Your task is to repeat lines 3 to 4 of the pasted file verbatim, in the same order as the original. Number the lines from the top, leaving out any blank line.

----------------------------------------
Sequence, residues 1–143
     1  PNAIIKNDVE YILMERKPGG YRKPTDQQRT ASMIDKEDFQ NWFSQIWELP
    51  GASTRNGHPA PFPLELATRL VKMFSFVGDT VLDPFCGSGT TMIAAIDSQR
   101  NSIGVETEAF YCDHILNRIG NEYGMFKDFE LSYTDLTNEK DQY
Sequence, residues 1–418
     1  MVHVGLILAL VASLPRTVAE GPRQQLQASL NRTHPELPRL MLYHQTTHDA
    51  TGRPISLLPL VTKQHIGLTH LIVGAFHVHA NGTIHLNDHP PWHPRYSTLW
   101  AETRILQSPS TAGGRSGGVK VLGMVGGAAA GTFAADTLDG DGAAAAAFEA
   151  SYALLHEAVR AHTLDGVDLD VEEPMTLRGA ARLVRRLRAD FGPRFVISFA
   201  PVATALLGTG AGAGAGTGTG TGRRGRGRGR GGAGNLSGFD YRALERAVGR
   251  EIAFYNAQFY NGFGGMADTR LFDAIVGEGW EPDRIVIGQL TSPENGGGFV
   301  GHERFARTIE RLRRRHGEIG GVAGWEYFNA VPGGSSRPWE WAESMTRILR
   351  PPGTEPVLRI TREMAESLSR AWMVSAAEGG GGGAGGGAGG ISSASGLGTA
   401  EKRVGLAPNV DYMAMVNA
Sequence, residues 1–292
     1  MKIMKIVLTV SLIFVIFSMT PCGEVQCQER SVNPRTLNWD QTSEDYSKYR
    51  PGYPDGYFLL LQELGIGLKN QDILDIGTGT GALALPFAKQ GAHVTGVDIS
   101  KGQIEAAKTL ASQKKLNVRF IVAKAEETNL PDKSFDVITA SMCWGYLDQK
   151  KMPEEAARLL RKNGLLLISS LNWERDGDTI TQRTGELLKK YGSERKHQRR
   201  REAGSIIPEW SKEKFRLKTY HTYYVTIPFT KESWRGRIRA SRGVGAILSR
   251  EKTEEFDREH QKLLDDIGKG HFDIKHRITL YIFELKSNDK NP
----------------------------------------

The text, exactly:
    51  GASTRNGHPA PFPLELATRL VKMFSFVGDT VLDPFCGSGT TMIAAIDSQR
   101  NSIGVETEAF YCDHILNRIG NEYGMFKDFE LSYTDLTNEK DQY